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TRESPASS: SPECIAL VS GENERAL DAMAGES

Dictum

In an action for damages for special damages for trespass, special dam-ages must be pleaded and strictly proved, the value pleaded being normally a reflection of the prevailing market prices. The vital difference between a claim for compensation under the Land Use Act and compensation in trespass Is that general damages is only claimable in trespass.

— Obaseki, JSC. Foreign Finance Corp. v Lagos State Devt. & Pty. Corp. & Ors. (1991) – SC. 9/1988

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OBJECT OF AWARD OF DAMAGES IN HUMAN RIGHTS CASES

Para. 43: “In the case of Chief Ebrimah Manneh v. Republic of The Gambia, supra, decided on 5th June 2008, this court set out some principles that will guide it in the award of damages. Though by no means exhaustive, the principles set out in that decision are relevant to this case. Principally the object of an award in human rights violation is to vindicate the injured feelings of the victim and to restore his rights and human dignity. Monetary compensation may also be awarded in appropriate cases but the objective of such an award must not be punitive. The following cases decided by the European Court of Human Rights are of relevance to this discussion on damages: Ahmed Selmouni v. State of France (2005) CHR 237; and Miroslav Cenbauer v. Republic of Croatia (2005) CBR 424 , where the court awarded damages in circumstances similar to the present case, wherein the plaintiff was tortured.”

— Saidykhan v GAMBIA (2010) – ECW/CCJ/JUD/08/10

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SPECIAL DAMAGES VS GENERAL DAMAGES

It is no longer a matter for contention that the principle in regard to the assessment and award of special damages is different from that of general damages: see Ijebu-Ode Local Govemment v.Adedeji Balogun & Co (1991) 1NWLR(Pt.166) 136 at p. 158; Eseigbe v.Agholor (1993) 9 NWLR (Pt.316) 128 at p. 145. In the former, damages are specially pleaded, strictly proved and accordingly awarded; in the latter, they are averred, if necessary under specific heads of claim, presumed in law to be the direct and natural consequence of the act complained of and awarded at large as a jury question.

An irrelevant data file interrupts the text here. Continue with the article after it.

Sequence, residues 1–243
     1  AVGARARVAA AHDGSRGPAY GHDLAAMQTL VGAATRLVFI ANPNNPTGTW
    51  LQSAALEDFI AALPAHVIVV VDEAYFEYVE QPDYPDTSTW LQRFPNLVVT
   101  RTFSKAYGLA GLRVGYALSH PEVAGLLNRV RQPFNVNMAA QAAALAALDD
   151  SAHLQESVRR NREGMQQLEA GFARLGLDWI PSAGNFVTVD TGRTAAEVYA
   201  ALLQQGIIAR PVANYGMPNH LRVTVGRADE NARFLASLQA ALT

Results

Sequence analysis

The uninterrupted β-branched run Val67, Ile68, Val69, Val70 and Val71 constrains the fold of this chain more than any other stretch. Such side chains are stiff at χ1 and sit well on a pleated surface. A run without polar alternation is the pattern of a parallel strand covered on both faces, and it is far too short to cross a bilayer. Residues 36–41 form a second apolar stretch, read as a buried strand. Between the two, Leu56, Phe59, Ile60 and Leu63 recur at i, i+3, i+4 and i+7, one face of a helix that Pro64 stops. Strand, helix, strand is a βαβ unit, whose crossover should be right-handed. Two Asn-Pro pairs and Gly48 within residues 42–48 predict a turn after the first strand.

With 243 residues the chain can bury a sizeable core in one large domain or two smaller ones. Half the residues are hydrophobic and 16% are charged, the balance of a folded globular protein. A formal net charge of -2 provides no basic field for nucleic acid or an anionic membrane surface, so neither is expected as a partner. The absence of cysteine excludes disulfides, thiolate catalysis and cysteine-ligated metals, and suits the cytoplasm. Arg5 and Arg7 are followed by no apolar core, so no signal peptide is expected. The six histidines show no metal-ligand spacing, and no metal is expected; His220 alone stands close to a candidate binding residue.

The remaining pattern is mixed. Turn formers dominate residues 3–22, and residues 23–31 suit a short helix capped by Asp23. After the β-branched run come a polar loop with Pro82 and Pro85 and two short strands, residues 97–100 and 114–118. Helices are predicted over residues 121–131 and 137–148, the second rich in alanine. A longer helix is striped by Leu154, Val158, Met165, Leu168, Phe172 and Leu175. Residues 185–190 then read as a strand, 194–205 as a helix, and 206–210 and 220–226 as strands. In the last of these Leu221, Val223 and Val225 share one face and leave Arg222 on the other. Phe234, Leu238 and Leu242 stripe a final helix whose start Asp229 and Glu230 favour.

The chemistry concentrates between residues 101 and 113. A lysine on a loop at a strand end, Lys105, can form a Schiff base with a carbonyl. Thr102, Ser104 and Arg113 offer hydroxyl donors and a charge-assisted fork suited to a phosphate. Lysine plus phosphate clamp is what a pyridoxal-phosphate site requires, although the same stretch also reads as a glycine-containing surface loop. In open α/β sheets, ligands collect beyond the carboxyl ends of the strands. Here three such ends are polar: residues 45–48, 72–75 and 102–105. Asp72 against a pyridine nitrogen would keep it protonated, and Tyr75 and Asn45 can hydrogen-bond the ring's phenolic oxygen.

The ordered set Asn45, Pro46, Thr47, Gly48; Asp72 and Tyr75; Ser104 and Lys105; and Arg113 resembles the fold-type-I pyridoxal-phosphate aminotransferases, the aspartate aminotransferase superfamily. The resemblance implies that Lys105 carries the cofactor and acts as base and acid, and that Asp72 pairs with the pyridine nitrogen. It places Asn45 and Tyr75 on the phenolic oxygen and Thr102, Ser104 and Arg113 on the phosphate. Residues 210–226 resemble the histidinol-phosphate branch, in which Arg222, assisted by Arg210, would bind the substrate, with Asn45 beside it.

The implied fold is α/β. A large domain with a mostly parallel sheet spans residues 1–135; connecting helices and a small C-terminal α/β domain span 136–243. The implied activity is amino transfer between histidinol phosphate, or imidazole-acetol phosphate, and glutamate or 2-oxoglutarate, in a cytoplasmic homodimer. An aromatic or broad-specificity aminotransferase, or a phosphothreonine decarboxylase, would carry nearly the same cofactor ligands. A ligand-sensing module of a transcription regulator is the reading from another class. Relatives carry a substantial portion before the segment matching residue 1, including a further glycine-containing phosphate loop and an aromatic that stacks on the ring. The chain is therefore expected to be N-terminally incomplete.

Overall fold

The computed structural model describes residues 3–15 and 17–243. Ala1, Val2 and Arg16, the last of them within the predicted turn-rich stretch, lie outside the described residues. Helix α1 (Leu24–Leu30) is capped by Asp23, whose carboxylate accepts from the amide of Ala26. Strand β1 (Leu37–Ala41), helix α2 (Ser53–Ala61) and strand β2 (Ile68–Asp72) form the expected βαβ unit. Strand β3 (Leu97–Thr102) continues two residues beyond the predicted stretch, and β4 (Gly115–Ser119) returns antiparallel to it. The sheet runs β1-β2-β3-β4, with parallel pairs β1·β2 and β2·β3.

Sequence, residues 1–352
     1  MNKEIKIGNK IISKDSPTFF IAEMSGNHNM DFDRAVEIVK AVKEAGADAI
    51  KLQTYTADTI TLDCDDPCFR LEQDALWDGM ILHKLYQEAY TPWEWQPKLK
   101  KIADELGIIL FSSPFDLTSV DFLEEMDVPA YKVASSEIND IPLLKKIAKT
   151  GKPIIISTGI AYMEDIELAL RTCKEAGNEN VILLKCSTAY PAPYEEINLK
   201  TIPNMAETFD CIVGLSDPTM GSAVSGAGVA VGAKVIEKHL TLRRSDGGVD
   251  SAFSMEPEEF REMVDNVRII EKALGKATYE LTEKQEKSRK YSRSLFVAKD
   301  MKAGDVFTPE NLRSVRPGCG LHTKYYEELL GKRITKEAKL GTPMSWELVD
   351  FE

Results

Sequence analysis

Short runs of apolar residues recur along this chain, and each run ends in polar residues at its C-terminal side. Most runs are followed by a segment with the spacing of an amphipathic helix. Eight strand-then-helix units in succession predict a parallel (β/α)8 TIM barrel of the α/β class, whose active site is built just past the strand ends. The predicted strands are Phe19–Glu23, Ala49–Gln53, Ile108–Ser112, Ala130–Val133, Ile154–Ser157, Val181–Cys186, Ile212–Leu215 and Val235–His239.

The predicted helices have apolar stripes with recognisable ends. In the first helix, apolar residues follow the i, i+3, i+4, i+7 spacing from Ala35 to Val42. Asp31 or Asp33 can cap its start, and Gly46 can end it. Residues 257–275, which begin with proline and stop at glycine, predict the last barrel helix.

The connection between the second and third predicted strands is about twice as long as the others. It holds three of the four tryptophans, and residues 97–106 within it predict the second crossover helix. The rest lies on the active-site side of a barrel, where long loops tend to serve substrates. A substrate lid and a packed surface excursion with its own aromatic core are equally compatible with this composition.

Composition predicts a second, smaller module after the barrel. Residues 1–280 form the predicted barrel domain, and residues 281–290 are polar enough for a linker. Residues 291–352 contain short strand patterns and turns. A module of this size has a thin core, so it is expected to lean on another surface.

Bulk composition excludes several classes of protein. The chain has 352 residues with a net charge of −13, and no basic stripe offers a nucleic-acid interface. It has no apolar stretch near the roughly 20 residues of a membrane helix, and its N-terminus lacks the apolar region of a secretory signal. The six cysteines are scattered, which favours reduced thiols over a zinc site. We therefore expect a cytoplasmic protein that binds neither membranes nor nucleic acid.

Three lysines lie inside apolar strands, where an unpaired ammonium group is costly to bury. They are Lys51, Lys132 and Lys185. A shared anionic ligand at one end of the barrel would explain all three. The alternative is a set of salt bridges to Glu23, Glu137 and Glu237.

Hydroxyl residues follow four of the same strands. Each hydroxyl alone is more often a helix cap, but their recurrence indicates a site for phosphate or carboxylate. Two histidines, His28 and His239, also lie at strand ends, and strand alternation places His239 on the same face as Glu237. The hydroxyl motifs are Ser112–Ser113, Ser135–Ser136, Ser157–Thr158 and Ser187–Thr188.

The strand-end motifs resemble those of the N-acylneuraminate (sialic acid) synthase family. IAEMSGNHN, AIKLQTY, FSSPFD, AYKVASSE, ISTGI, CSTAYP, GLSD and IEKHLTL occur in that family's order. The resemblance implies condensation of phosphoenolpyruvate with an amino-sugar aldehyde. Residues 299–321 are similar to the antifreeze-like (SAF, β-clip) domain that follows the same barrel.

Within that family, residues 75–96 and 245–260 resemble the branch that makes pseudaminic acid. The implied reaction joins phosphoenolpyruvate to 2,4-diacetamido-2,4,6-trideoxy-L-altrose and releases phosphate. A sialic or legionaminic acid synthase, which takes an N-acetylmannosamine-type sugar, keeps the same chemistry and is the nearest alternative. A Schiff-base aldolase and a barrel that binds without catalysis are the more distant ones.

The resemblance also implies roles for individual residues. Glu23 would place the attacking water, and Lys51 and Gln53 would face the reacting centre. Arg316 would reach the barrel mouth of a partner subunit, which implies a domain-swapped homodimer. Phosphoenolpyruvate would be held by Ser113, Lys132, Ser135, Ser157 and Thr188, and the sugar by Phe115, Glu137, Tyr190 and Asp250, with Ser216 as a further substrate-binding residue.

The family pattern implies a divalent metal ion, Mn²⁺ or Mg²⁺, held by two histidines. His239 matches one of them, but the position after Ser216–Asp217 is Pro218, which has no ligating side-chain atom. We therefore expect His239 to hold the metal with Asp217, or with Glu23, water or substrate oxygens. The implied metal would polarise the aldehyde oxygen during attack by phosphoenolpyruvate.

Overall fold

— Uwaifo, JSC. Rockonoh v. NTP (2001) – SC.71/1995

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AWARD OF DAMAGES IS DUTY OF TRIAL COURT – WHERE SUCH WILL BE INTERFERED IN

I have to commence my reasoning in this issue by laying emphasis on the notorious fact that the award of damages is essentially the duty of a trial court and will not be interfered with except unless certain circumstances exist:- a. Where the trial court acted under a misapprehension of facts or law b. where it failed to take into account relevant matter c. Where the amount awarded is too low or too high d. where failure to interfere would amount to injustice.

– Adekeye JSC. Harka v. Keazor (2011) – SC.262/2005

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PERSON CLAIMING DAMAGES SHOULD PROVE HE IS ENTITLED TO DAMAGES UNDER THAT HEAD

It is trite and well settled as rightly argued by the said counsel that:- the person claiming should establish his entitlement to that type of damages by credible evidence of such a character as would suggest that he indeed is entitled to an award under that head… See the cases of Oladehin v. Continental ile Mills Ltd (1978) NSCC, page 88 and also Imana v. Robinson (1979) NSCC page 1.

— C.B. Ogunbiyi, JSC. Ibrahim v. Obaje (2017) – SC.60/2006

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WHAT IS DAMAGES

Damages have been defined as: “that pecuniary compensation which law awards to a person for the injury he has sustained by reason of the act or default of another whether that act or default is a breach of contract or tort”, see Iyere v. B.F.F. M Ltd (2008) 18 NWLR (Pt. 1119) 300 at 345, per Muhammad, JSC; Umudje v. SPDCN (1975) 841 SC 155 at 162; Neka B.B.B. Mfg. Co. Ltd. v. A.C.B. Ltd (2004) 2 NWLR (Pt.. 858) 521.

— O.F. Ogbuinya JCA. Stanbic IBTC Bank Plc v. Longterm Global Cap. Ltd. & Ors. (September 20 2021, ca/l/1093/2017)

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GENERAL VS SPECIAL DAMAGES

It is the law that general damages such as the law will presume to be the natural or probable consequence of the defendant’s act need not be specifically pleaded. It arises by inference of law and need not therefore be proved by evidence and may be averred generally. On the, other hand, special damage is such loss as the law will not presume to be the consequence of the defendant’s act but which depends in part, on the special circumstances of the case. Special damages must be specifically pleaded and strictly proved.

– Kekere-Ekun JSC. British v. Atoyebi (2014) – SC.332/2010

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